Friday, October 9, 2009

Haunt #1

Wow, that's a lot of famous names at the top of this comic. Robert Kirkman, Todd McFarlane, Ryan Ottley, and Greg Capullo all worked together on this book and it kind of shows. The art seems to veer around from one artistic style to another. I can almost recognize which artist liked drawing what (Capullo liked the gore, I think, while McFarlane spent the most time on the actual costumed Haunt). The story has been bashed a bit online, but I actually liked it. Haunt is a combo of two brothers, one a hard drinking, jerkish Catholic priest and the other a skilled soldier. The soldier brother seems to have the stronger morals of the two, as he rebels against his orders and kills a scientist when he realizes that the scientist was performing experiments on children. He doesn't really think of the repercussions, because later in the issue, he is killed when he can't produce that scientist's notebook. He immediately starts "haunting" his brother, wanting the priest to look out for his wife. The priest and widow clearly have some sort of history, but we don't get much of it here. Her life is in danger though, since armed goons kick down her door and start shooting. The priest and his brother's ghost merge and become Haunt. It seems the dead brother is in the driver's seat while in super-hero form. I like the twist of very different guys sharing a heroic ID, and making them brothers adds to the drama. I actually found the whole cast fairly interesting. Not necessarily likeable, but interesting.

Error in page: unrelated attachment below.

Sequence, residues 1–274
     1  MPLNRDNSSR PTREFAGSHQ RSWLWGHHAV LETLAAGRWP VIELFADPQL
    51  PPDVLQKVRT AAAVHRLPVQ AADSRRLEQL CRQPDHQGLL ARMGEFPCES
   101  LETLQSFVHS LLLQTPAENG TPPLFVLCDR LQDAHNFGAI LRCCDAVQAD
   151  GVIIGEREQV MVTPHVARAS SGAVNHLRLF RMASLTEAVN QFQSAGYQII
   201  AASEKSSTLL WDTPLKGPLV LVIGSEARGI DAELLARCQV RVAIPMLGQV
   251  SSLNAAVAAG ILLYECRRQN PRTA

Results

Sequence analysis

The comic is certainly violent and "adult," but it does subscribe to a little more tell than show, which I prefer. We know how horrific the soldier's death was based on dialogue, not because we saw every cut rendered in loving detail.

The guy doing the heavy lifting is Ryan Ottley. Most of the story-telling is done in his style, the people look like they stepped out from Invincible. There are some panel compositions where I think I see Greg Capullo's layouts, but for the most part, this looks like an Ottley book. McFarlane does get more involved in a few action sequences. I think he digs that over the blander panels, and his scratchy, detailed linework is visible more in the Haunt-filled pages. I actually think the look of the book is fine, since I like everyone involved. I'm not totally sure I'll follow this series though. How many issues is it again?


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